DATA MAY HAVE BEEN COM­PRO­MISED

The pri­vate health in­for­ma­tion for 822 peo­ple could have been com­pro­mised by a glitch.

The Denver Post - - FRONT PAGE - By Jen­nifer Brown Jen­nifer Brown: 303-954-1593, jen­brown@den­ver­post.com or @jbrownd­post

The tech­nol­ogy com­pany at the cen­ter of an on­go­ing Med­i­caid pay­ment fi­asco in Colorado now says a sys­tem glitch might have in­ad­ver­tently shared the pri­vate health in­for­ma­tion of 822 peo­ple. The prob­lem comes after months of com­plaints about DXC Tech­nol­ogy’s fail­ure to re­im­burse doc­tors, ther­a­pists and oth­ers who care for needy and dis­abled Coloradans. »

The tech­nol­ogy com­pany at the cen­ter of an on­go­ing Med­i­caid pay­ment fi­asco in Colorado now says a sys­tem glitch might have in­ad­ver­tently shared the pri­vate health in­for­ma­tion of 822 peo­ple.

The prob­lem re­vealed Thurs­day comes after months of com­plaints about DXC Tech­nol­ogy’s fail­ure to re­im­burse doc­tors, ther­a­pists and oth­ers who care for needy and dis­abled Coloradans.

The state Med­i­caid depart­ment con­tracted with DXC Tech­nol­ogy to run its re­vamped pay­ment sys­tem.

It went live March 1, and im­me­di­ately health care providers who care for peo­ple with Med­i­caid gov­ern­ment in­sur­ance com­plained their re­quests for re­im­burse­ment were de­nied or stalled. Small ther­a­pists’ and doc­tors’ of­fices were forced to take out loans, bor­row­ing against their homes or on their credit cards in or­der to pay their em­ploy­ees.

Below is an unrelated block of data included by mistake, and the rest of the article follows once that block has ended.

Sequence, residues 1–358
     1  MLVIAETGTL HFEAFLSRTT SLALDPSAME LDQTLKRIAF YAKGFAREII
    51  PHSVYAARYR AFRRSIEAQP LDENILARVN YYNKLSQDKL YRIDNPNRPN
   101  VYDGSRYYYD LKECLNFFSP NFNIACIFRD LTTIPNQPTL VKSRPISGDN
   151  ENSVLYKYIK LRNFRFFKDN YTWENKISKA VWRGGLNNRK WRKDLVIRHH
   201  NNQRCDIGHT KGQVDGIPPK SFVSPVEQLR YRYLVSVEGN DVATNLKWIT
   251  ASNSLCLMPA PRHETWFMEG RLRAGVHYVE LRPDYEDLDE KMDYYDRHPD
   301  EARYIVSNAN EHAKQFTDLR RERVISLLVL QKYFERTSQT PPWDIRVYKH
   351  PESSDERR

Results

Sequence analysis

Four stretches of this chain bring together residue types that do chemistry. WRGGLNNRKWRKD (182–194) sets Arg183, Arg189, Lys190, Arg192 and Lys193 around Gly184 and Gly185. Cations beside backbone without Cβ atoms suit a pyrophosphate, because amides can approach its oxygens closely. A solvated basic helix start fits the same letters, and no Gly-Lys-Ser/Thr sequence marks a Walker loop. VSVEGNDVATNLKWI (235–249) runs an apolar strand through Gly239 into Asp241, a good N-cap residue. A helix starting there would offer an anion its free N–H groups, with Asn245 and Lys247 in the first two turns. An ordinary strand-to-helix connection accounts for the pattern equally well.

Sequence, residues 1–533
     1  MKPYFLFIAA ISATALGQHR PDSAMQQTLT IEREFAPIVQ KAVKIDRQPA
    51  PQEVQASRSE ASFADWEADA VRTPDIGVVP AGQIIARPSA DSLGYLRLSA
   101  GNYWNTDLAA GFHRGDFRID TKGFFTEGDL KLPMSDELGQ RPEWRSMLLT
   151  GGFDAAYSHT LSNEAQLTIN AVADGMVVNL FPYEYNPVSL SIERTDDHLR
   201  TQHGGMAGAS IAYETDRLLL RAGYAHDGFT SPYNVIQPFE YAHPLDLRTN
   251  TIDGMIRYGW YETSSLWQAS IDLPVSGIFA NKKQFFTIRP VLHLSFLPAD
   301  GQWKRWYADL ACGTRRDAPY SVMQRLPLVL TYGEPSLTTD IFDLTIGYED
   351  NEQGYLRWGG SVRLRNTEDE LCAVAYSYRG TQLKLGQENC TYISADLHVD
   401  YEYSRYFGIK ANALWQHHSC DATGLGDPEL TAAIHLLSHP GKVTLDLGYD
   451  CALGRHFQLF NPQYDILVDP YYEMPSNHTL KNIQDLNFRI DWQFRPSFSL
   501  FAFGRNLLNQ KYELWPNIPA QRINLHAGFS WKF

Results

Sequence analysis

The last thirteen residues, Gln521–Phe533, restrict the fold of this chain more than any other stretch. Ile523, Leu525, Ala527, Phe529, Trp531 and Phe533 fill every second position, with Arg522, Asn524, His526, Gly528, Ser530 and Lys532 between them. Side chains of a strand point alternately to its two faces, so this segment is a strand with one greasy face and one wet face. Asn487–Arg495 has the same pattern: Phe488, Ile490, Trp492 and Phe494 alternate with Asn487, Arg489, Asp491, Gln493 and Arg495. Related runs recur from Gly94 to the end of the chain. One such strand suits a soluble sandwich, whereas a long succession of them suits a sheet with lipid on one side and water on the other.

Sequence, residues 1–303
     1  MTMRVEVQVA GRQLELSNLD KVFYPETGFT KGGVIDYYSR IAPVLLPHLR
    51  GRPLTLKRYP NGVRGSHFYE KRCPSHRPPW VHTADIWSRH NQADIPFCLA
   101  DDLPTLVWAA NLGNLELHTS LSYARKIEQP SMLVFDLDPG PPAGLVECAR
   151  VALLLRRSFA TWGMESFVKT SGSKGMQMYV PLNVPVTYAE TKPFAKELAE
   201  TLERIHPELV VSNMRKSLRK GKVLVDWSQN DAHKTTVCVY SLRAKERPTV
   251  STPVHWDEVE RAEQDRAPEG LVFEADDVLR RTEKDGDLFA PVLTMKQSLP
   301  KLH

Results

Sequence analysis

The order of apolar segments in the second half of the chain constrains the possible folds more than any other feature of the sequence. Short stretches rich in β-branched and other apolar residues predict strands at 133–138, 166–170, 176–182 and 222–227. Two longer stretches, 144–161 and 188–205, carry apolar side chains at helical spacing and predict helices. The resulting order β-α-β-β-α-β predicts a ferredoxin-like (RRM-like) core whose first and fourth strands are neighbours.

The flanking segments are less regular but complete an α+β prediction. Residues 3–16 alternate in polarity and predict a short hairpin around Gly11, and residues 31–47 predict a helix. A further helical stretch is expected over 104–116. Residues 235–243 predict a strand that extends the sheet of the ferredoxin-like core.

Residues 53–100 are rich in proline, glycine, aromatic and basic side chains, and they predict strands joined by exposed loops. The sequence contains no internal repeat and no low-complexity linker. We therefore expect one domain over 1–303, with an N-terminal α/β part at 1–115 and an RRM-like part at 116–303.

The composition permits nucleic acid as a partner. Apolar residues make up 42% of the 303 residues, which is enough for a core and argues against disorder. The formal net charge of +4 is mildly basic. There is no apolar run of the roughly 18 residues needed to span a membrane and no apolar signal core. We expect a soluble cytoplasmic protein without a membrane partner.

After the launch, wait times at a call cen­ter for health providers whose claims were re­jected were reach­ing three hours. DXC has since added more work­ers to its call cen­ter.

The tech­nol­ogy com­pany and the Colorado Depart­ment of Health Care Pol­icy and Fi­nanc­ing, which man­ages the Med­i­caid pro­gram, said a se­cu­rity re­view de­ter­mined that the “pro­tected health in­for­ma­tion” of 822 peo­ple was “po­ten­tially ac­ces­si­ble” from March 1 to May 10.

An in­ter­net hy­per­link to 12 Med­i­caid billing re­ports con­tain­ing the pro­tected in­for­ma­tion may have been ac­ces­si­ble for more than two months.

The pa­tients whose records were po­ten­tially breached have been no­ti­fied, DXC Tech­nol­ogy said.

The billing re­ports in­cluded pa­tient names and Med­i­caid num­bers, as well as their doc­tors’ names and ad­dresses, the type of med­i­cal ser­vices they re­ceived and on what dates. It also in­cluded cost of ser­vices. The in­for­ma­tion did not in­clude So­cial Se­cu­rity num­bers, birth dates or ad­dresses of the pa­tients, DXC said.

“While DXC Tech­nol­ogy has no rea­son to be­lieve this in­for­ma­tion has been used in­ap­pro­pri­ately, DXC is of­fer­ing one year of free credit pro­tec­tion ser­vice to im­pacted in­di­vid­u­als,” the com­pany said in a news re­lease.

Med­i­caid pa­tients can call 844235-2387 and “press op­tion 2, then press op­tion 7 to speak with an agent,” ac­cord­ing to the news re­lease.

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